Location and Attendance Area:
The latest information as reported in the Cap Times (not anything official) is:
Caire says the school is looking at facilities to rent on the near west side, with most students likely to come from the current Toki, Cherokee, Jefferson and Wright middle school attendance areas.
First Wright does not have an attendance area of its own but encompasses the whole West area. I understand this as saying the school will draw from West and Memorial areas, but this needs clarification. Once clarified, the likely impact on all schools involved must be considered, as well as how this will shape the demographics of all the schools involved, including Madison Prep (remember, charter schools cannot discriminate in admissions).
Single Sex Education:
ULGM has said they intend to satisfy the legal concerns of DPI at the time they finalize their contact with MMSD (if it gets this far). This may be OK for DPI and planning grant funding, but seems to be mighty late in the game for MMSD. I really think that this needs to be cleared up before the Board votes.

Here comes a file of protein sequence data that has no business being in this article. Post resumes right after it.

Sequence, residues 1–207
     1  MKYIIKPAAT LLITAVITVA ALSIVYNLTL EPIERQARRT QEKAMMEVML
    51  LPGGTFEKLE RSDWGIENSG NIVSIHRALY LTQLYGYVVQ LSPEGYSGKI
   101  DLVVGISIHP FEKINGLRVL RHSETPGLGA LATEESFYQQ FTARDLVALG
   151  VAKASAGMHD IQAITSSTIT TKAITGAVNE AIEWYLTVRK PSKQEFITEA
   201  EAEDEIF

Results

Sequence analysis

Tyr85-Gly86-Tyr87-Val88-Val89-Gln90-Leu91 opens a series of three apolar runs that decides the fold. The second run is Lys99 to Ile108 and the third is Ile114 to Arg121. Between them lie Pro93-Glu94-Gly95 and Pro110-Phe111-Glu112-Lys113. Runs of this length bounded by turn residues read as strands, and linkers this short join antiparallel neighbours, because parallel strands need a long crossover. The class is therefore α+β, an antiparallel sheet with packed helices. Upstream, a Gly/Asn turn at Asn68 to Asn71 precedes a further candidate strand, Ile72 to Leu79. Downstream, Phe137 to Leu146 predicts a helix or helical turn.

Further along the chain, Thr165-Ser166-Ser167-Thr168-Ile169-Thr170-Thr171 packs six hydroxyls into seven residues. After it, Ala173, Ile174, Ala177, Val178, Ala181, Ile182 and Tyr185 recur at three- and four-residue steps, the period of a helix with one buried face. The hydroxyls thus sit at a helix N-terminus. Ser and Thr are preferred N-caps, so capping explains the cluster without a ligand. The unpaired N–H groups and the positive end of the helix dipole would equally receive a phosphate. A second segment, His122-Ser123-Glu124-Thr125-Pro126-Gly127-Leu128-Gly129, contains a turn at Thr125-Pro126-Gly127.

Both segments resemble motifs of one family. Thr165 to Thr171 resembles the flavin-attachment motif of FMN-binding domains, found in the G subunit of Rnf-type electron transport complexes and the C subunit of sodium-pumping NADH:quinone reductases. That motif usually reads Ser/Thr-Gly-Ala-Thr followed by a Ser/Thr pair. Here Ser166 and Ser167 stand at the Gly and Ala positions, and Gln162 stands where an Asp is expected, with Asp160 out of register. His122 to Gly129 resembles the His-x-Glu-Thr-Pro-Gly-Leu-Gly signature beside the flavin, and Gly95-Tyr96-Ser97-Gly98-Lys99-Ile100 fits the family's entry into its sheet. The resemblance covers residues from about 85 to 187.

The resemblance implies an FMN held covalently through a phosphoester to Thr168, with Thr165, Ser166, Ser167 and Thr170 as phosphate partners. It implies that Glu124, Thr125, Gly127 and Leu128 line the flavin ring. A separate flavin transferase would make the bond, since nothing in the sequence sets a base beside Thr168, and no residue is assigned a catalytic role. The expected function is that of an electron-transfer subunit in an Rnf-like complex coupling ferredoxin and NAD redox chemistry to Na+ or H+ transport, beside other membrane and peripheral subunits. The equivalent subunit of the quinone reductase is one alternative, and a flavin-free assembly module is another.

There is also the unexamined issue of how this fits with MMSD’s commitment to non-discrimination in relation to transgender students (something that is written into their Charter School Policy). For those who don’t think this is important, I suggest you read the public testimony from the 2004 meeting that prompted MMSD to become a leader on this issue.
Who Will Attend:
This is related to the Location and Attendance Area matters, but extends beyond. Given the laws and policies requiring open charter school admissions, I still don’t understand how or why this can work to target those students who are failing/being failed.
The Educational Program:
This is and should always be the crux of the matter. If the program being proposed can reasonably be said to have a highly likelihood of significantly improving the educational attainment of a significant percentage of those who attend, then (almost) everything else becomes secondary (it doesn’t go away, but it recedes and note that all of the “high likelihoods” and “significantlys” are – to a great degree — subjective).